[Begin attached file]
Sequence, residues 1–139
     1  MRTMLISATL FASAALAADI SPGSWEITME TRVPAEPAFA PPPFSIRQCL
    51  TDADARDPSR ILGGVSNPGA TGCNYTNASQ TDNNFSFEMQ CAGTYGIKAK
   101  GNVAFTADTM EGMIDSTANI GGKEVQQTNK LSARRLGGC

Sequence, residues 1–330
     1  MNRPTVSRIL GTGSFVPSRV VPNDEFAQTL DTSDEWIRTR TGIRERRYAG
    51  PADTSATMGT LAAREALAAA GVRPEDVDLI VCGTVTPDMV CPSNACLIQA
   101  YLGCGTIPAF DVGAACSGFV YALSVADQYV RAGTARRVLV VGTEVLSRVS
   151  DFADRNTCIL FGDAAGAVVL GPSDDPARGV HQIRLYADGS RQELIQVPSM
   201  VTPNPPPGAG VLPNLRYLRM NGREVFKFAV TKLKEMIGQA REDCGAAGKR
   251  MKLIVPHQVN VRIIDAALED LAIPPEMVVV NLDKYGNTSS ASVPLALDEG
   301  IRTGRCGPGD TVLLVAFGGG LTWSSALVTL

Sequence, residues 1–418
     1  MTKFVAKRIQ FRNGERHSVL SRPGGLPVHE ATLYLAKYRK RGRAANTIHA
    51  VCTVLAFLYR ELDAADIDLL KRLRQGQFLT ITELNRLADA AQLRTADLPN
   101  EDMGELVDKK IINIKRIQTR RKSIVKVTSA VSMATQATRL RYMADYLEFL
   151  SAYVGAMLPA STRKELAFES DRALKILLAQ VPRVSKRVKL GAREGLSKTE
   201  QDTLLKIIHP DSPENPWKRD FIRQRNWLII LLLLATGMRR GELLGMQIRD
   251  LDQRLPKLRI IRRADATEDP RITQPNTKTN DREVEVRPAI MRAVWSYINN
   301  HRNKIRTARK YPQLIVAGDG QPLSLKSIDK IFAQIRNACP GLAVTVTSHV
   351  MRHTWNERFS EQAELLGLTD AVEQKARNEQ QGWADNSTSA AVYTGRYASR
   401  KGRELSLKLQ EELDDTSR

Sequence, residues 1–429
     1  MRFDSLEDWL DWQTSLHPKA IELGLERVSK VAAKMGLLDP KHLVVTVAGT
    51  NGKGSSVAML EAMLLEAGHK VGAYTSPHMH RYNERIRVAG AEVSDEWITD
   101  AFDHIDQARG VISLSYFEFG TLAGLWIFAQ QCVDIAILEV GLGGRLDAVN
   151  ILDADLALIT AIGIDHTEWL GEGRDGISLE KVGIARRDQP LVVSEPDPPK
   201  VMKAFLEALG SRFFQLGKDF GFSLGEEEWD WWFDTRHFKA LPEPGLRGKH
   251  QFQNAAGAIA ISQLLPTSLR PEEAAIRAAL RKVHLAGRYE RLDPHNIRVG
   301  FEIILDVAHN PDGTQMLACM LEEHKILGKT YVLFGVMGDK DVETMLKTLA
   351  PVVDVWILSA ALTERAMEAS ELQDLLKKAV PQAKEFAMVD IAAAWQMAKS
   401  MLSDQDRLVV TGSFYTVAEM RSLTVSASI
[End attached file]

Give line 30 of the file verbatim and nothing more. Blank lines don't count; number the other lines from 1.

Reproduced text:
   301  FEIILDVAHN PDGTQMLACM LEEHKILGKT YVLFGVMGDK DVETMLKTLA